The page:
I am a big believer in meditation and the benefit it has for recovery (which is why we mention it quite often on the website). Too often, though, we think we need to have a meditation room and fold ourselves into lotus position to even attempt it. Bu it’s just simply not the case. You can meditate whenever, wherever, and you don’t even have to sit down to do it! This means that pretty much everyone can give meditation a try—even if you have two kids, three dogs, and a parakeet!
“I struggled and pushed myself to meditate properly with little success, until I realized that any act can be a meditation” (From How to Meditate at Any Time without Meditating by Amanda Cook).
Meditation Is Here and Now
When meditating, you just slow down. You take a moment to quiet your world, and then center your focus on your own body and mind—making a connection with the here and now. Do you know that saying, ‘When you are depressed you live in the past, when you are anxious you live in the future?’ It may be an oversimplification, but the act of keeping your focus on the present can really help to manage your well-being.
And don’t think for a moment that meditation is only about controlling your breath and changing your posture. Sometimes it is. And sometimes it is just about noticing your breath and posture—the barking of the dog next door, the feeling of the upholstery against your arm, or the smell of the grass that has just been cut. Here. Now.
“If we are not fully ourselves, truly in the present moment, we miss everything.”
– Thich Nhat Hanh
For me, reestablishing my connection to what is happening in the moment makes me feel more balanced. More in control. This is what helps me deal with triggers and memories when they overwhelm me. And it also helps me quiet the anxiety when I hear my abusive mother’s voice in my head.
“Even short stints of meditation have a positive effect on the brain’s ability to concentrate. That in turn makes it easier to focus, retain memories, and be more productive. On a more circumstantial level, meditation can also help you avoid information overload to help reduce the amount of noisy news around you all the time” (From Is Meditation Really Beneficial, or Is It Just Ridiculous? by Thorin Klosowski).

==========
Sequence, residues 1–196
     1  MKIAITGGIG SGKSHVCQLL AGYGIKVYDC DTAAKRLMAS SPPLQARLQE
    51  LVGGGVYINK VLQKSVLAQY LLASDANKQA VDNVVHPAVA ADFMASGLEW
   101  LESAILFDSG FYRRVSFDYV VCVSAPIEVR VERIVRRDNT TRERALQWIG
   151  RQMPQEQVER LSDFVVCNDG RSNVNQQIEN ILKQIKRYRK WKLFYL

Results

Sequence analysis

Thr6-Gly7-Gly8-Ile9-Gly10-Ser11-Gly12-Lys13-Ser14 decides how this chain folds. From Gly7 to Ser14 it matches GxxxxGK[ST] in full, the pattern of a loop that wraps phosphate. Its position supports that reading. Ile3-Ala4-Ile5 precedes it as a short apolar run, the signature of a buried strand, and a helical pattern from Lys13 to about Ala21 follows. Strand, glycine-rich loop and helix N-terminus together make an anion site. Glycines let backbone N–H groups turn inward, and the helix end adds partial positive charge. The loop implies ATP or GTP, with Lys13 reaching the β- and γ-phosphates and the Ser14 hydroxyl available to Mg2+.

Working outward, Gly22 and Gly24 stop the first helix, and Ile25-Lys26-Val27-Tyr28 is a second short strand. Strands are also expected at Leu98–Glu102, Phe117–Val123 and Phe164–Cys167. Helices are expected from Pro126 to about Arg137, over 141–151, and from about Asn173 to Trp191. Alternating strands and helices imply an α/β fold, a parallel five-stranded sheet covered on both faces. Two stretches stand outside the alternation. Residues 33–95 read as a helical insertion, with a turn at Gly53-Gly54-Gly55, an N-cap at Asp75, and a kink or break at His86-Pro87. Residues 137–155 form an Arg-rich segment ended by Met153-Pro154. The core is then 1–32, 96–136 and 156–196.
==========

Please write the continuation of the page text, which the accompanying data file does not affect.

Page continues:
Meditation Without Meditating
I know meditation is not for everyone. And even if you do enjoy the practice, life sometimes just gets in the way. Luckily there are so many activities—that are not what we traditionally consider meditation—available to us that give us that give us the same opportunity to slow down and connect. Give them a try and find out which ones fit best around your family, responsibilities, and life in general!
“You can manifest an informal practice within your daily habits. You don’t have to change your routine all that much: All it takes is tweaking your intention” (From How To Meditate Without Meditating At All by Kate Bratskeir).
They are gaining so much popularity, and rightly so. Sitting down with a coloring page and getting busy with your felt tips is a great way to meditate. Bonus: you can do this together with the kids, too (provided you have some, of course). I am so keen on coloring. So much so that I even created a specific SwanWaters coloring book for you. You can download it for free!
Doing the Dishes
Actually it can be any cleaning task around the house. And the great thing is that chores have to get done anyway. So doing these chores in a conscious way means that you can kill two birds with one stone! The trick to any of these activities is to be mindful; try to be aware of your movements, the sensation of the warm water against your hands, and the different surfaces you are touching, etc.
“What these activities have in common is the opportunity to pay attention to sense perceptions in the present moment: what one can see, hear, smell, taste or touch” (From Practicing Mindfulness Without Meditating by Karen Kissel Wegela Ph.D.).
Take a Walk (or a Run)
Go outside. Take the dog for a walk. Go for a run—and leave your phone and ipod home. Just listen to the sounds around you, see the trees, and notice the wildlife. Focus on how it feels when your foot meets the pavement, how your breathing changes, and the way the breeze feels on your face.
Cook or Bake
Cooking or baking is a great way to connect with yourself. I especially like baking bread because it gets my hands in there. Whatever you chose to make, make it by hand. No mechanical short-cuts—so the food-processor and mixer stay packed away! It about being in the process of cooking.
“In all examples, the technique is to savor every moment of what you’re doing instead of letting your mind wander (as it naturally wants to)” (From Meditate Without Sitting Still: Turn Everyday Actions into a Practice by Melanie Pinola).